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I just bumped into a interesting command called \valign. It seems to be the sister of \halign, but the TeXbook seems to be rather shy on explaining its use. As is the TeX by Topic. They only mention it swaps the meaning of rows and columns in its use when compared to \halign. But given the following example:

\valign{&#\cr
How  & is\cr
this & supposed\cr
to   & work?\cr
}
\bye

the produced box is overfull; the second column starts only after the right margin!

So my question is: how is it supposed to be used; how can you change the start of the second (or third) column so it doesn't go out of the page? Also if you have some usage examples somewhere, that'd be great!

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3 Answers

up vote 5 down vote accepted

The short answer is that each entry is typeset in internal vertical mode, which implies that when you feed it horizontal mode material, as you have done, you get that material typeset as paragraphs, resulting in boxes of width \hsize. Hence the overfull you have noticed. Here is a slightly improved version of your example:

\valign{&\vfil\vbox{\parindent=0pt\hsize=20mm #}\vfil\cr
How  & is is is is is is is is is is is is is\cr
this & supposed\cr
to to to to to to to to to to to to to to to to  & work?\cr
}
\bye

As for a real-life useful example, I haven't got one (other than the single row example \valign{\vfil#\vfil\cr…} mentioned in the TeX book). Maybe someone else will have one.

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2  
No one said that every primitive was useful: \outer is the classic example. –  Joseph Wright Jan 1 '11 at 21:13
1  
I did once find a good use case for \valign. For the 1990 TUG meeting in Cork I produced a pocket diary, which contained a tabular calendar for the year. Typesetting the blocks of months with rows labelled with the days of the week was done quite easily with \valign. –  Peter Flynn Mar 13 at 23:41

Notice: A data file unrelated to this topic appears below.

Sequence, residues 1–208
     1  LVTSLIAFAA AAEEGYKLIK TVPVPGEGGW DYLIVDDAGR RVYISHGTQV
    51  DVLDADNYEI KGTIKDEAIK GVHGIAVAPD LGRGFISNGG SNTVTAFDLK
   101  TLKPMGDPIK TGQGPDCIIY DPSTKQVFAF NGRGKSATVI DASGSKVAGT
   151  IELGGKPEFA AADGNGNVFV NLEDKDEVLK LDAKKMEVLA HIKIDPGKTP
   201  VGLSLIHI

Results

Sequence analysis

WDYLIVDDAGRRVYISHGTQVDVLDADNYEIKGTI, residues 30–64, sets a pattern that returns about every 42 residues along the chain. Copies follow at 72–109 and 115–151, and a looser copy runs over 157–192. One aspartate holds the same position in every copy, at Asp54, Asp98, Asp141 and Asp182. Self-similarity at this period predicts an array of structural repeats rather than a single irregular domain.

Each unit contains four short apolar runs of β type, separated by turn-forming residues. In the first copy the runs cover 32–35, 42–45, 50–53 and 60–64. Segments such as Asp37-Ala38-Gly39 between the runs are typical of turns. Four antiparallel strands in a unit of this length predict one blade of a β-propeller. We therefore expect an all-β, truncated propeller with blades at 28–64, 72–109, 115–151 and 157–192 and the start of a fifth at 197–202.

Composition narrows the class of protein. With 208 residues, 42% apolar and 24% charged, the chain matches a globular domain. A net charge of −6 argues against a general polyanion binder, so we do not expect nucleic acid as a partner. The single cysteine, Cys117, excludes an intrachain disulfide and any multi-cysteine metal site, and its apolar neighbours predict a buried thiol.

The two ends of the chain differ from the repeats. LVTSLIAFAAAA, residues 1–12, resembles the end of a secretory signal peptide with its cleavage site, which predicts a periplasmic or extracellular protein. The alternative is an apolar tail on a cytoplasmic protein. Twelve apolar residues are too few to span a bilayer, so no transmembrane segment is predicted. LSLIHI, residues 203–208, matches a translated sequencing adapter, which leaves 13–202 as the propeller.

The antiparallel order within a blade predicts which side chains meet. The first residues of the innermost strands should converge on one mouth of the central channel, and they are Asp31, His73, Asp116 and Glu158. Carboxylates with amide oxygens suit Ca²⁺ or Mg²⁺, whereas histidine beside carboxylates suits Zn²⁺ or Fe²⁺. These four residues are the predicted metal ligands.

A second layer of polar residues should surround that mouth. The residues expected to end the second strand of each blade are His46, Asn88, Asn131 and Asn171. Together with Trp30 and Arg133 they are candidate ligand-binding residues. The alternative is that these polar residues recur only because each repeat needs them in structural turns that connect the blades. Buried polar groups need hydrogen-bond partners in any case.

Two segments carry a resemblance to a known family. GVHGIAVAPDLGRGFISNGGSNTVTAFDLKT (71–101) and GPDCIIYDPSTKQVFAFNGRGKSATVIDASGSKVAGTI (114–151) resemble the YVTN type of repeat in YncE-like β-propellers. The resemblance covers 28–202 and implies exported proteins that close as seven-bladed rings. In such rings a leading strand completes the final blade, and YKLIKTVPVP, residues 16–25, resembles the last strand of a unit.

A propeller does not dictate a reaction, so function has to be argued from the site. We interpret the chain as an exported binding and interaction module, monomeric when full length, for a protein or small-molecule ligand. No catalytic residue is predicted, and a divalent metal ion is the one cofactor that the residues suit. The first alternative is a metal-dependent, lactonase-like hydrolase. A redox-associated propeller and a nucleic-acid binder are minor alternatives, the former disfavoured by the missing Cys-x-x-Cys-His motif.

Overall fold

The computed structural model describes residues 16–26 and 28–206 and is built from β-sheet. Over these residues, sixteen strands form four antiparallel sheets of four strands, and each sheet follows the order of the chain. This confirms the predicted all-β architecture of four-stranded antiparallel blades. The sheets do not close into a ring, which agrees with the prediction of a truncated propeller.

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Here's a modification of Herbert's example that places each entry in an \hbox of natural width and then inserts \hfil between all of the columns by redefining \cr.

\def\cr{\crcr\noalign{\hfil}}
\valign{&\hbox{\strut#}\crcr
badness  & box& boxmaxdepth& cleaders& dp& everyhbox\cr
everyvbox& hbadness& hbox& hfuzz& hrule& ht& lastbox\cr
leaders& overfullrule& prevdepth& setbox& unhbox& unhcopy& unvbox\cr
unvcopy& vbadness& vbox& vfuzz& vrule& vsplit& vtop\cr
wd& xleaders\cr}
\unskip
\bye

Note the final \crcr that ends the alignment preamble and the \unskip that follows. The \unskip could be removed and the final \cr changed to a \crcr.

That same trick could be used to stick a fixed amount of space between columns (note that \tabskip glue goes between rows here) or the not-very-well-known \hbox spread construct can be used. This inserts an extra em of space between columns.

\valign{&\hbox spread1em{\strut#\hfil}\cr
badness  & box& boxmaxdepth& cleaders& dp& everyhbox\cr
everyvbox& hbadness& hbox& hfuzz& hrule& ht& lastbox\cr
leaders& overfullrule& prevdepth& setbox& unhbox& unhcopy& unvbox\cr
unvcopy& vbadness& vbox& vfuzz& vrule& vsplit& vtop\cr
wd& xleaders\cr}
\bye

It's worth pointing out that by starting the alignment with a &, it causes the entire preamble to be repeated.

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An example from David Bausum's book

\valign{&\hbox to 1in{\vrule height9pt depth3pt width0pt#\hfil}\vfil\cr
badness  & box& boxmaxdepth& cleaders& dp& everyhbox\cr
everyvbox& hbadness& hbox& hfuzz& hrule& ht& lastbox\cr
leaders& overfullrule& prevdepth& setbox& unhbox& unhcopy& unvbox\cr
unvcopy& vbadness& vbox& vfuzz& vrule& vsplit& vtop\cr
wd& xleaders\cr}
\bye
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That's a good example. I was a little confused by the use of the \vrule at first, but it's basically a .5pt shifted \strut. –  TH. Feb 26 '11 at 23:34
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